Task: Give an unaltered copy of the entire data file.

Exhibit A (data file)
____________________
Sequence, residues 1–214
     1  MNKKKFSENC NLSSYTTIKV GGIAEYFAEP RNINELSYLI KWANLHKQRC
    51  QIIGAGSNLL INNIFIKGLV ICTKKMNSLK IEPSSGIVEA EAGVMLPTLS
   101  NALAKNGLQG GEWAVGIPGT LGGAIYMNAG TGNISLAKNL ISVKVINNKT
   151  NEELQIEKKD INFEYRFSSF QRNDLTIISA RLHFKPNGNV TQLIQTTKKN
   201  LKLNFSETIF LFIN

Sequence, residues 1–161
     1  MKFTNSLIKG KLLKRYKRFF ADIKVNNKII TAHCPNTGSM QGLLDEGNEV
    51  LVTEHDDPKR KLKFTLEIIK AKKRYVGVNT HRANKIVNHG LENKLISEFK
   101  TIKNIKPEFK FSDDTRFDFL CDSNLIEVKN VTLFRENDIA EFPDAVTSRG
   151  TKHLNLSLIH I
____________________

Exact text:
Sequence, residues 1–214
     1  MNKKKFSENC NLSSYTTIKV GGIAEYFAEP RNINELSYLI KWANLHKQRC
    51  QIIGAGSNLL INNIFIKGLV ICTKKMNSLK IEPSSGIVEA EAGVMLPTLS
   101  NALAKNGLQG GEWAVGIPGT LGGAIYMNAG TGNISLAKNL ISVKVINNKT
   151  NEELQIEKKD INFEYRFSSF QRNDLTIISA RLHFKPNGNV TQLIQTTKKN
   201  LKLNFSETIF LFIN

Sequence, residues 1–161
     1  MKFTNSLIKG KLLKRYKRFF ADIKVNNKII TAHCPNTGSM QGLLDEGNEV
    51  LVTEHDDPKR KLKFTLEIIK AKKRYVGVNT HRANKIVNHG LENKLISEFK
   101  TIKNIKPEFK FSDDTRFDFL CDSNLIEVKN VTLFRENDIA EFPDAVTSRG
   151  TKHLNLSLIH I